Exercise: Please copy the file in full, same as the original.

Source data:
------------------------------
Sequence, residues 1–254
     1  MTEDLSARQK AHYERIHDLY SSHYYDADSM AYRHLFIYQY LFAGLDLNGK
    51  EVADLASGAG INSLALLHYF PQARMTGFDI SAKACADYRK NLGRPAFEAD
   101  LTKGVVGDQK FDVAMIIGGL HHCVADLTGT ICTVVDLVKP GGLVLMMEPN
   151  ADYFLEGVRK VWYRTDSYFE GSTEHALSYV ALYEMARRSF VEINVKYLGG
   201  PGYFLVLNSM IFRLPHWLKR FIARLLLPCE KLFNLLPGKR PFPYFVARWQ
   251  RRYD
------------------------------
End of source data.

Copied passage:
Sequence, residues 1–254
     1  MTEDLSARQK AHYERIHDLY SSHYYDADSM AYRHLFIYQY LFAGLDLNGK
    51  EVADLASGAG INSLALLHYF PQARMTGFDI SAKACADYRK NLGRPAFEAD
   101  LTKGVVGDQK FDVAMIIGGL HHCVADLTGT ICTVVDLVKP GGLVLMMEPN
   151  ADYFLEGVRK VWYRTDSYFE GSTEHALSYV ALYEMARRSF VEINVKYLGG
   201  PGYFLVLNSM IFRLPHWLKR FIARLLLPCE KLFNLLPGKR PFPYFVARWQ
   251  RRYD